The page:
COVID-19 Vaccine Access Could Get Boost with New Executive Orders
The fight against coronavirus will almost certainly look different in the coming days and weeks. During his first full day in office, President Joe Biden signed executive orders designed to increase COVID-19 vaccinations across the country. With this new approach in place, how soon can employers expect to safely return to the office?
Recap: Several New Executive Orders Signed by Biden to Fight COVID-19
On Jan. 21, 2021, President Biden signed several new executive orders related to the country’s ongoing fight against the COVID-19 pandemic. These presidential actions include (but are not limited to):
- Sustainable Public Health Supply Chain: This executive order uses the Defense Production Act to direct actions to increase vaccine production, expand COVID-19 testing, and boost PPE supplies.
- Federal Property and Employee Mask Requirement: The Biden administration mandated that masks must be worn and social distancing efforts must be enforced on federal property and by federal employees.
- Protecting Worker Health and Safety: This executive order will use the Occupational Safety and Health Act (OSHA) to take action that protects employees from contracting COVID-19 in the workplace. This includes Biden directing OSHA to release new guidelines on workplace COVID-19 safety by Feb. 4, 2021. OSHA is also mandated with enforcing employee health and safety requirements as well as determining whether new temporary emergency safety standards need to be implemented in the workplace. These are required to be issued by March 15, 2021.
- Supporting the Reopening and Ongoing Operation of Schools: This executive order aims to provide support to safely reopen schools and early childhood education centers for in-person learning “as quickly as possible.”
- Improving and Expanding Access to COVID-19 Care and Treatments: President Biden plans to expand access to COVID-19 treatment and new therapies. The president also issued actions to improve the country’s healthcare capacity to address the pandemic and will mobilize FEMA to operate federal vaccination centers.
Other actions take a broader approach to fighting the pandemic.
One executive order facilitates the cross-department collaboration between federal agencies to gather, share, and publish coronavirus-related data—ensuring the response moving forward relies on the most recent and relevant data. Another order addresses the disproportionate impact of the pandemic on communities of color and other underserved populations. A different action promotes safe domestic and international travel.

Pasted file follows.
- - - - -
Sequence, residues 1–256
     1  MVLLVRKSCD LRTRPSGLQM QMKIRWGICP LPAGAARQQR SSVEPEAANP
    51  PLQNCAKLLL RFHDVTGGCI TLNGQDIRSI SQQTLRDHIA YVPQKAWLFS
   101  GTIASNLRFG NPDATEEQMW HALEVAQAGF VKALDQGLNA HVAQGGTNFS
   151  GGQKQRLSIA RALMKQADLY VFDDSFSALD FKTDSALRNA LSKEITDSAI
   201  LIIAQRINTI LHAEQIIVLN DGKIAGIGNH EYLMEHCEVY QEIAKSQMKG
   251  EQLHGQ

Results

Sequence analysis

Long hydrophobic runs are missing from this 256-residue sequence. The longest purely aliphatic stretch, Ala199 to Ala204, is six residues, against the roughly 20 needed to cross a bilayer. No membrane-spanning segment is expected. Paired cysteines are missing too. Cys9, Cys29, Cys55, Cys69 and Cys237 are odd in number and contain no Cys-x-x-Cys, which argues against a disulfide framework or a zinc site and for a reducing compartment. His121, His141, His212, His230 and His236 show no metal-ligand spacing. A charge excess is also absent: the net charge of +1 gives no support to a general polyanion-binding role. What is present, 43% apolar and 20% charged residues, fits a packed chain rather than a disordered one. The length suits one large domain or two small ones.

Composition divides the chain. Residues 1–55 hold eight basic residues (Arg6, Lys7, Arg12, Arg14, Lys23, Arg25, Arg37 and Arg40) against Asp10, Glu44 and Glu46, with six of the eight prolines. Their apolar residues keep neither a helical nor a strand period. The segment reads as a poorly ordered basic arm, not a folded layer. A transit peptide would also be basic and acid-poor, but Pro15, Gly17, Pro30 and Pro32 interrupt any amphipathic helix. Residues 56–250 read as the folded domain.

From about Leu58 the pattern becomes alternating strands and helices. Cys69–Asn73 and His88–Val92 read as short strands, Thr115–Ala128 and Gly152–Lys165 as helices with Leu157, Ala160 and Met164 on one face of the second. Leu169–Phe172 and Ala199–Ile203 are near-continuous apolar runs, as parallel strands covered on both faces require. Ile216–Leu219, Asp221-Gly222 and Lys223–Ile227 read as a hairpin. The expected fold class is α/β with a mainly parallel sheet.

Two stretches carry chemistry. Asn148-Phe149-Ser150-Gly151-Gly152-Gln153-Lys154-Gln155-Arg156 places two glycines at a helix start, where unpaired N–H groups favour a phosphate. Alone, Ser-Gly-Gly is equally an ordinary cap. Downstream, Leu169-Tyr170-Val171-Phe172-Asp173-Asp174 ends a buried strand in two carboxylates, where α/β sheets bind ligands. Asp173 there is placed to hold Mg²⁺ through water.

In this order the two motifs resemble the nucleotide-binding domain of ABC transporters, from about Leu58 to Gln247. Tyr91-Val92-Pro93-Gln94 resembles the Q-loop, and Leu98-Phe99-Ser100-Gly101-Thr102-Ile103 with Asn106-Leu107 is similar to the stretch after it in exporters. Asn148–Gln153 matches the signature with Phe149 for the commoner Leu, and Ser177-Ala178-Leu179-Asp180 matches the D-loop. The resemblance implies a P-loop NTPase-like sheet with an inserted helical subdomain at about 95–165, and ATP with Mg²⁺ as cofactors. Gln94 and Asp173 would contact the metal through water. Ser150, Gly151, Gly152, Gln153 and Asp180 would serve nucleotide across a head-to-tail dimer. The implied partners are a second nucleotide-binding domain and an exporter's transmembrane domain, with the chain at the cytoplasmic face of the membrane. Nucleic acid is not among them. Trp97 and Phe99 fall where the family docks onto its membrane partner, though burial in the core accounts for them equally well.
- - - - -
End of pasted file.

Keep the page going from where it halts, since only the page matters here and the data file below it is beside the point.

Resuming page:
Note: This page will be updated as more information becomes available and more relevant executive orders are issued.
How Could the New Executive Orders Help COVID-19 Vaccine Distribution?
While the issue at hand is complex, the plan is simple: vaccinate as many people as possible as quickly as possible. And each presidential action could impact employers’ timetables for full-staff returns to the office.
For example, by invoking the Defense Production Act—which authorizes the president to mandate that businesses produce certain products and supplies necessary to promote the national defense—the Biden administration hopes to revamp the healthcare supply chain. In effect, it prioritizes the production of the following:
- Doses of the various approved COVID-19 vaccines
- Protective equipment for healthcare workers
- Extra testing capacity
- Other key resources
The ultimate goal is that by refocusing efforts in this part of the economy, 100 million people can be vaccinated within 100 days. For employers, this lofty target indicates that not only is there a light at the end of the tunnel, but there’s a plan to get there.
What Else Should Employers Know About Safely Returning to the Office?
HR and employers should watch for the new OSHA workplace guidelines, which are expected to be issued by Feb. 4, 2021. These could include significant changes to in-person safety requirements—possibly related to social distancing and mask-wearing in enclosed spaces. Each could impact your own team’s workplace safety plan.
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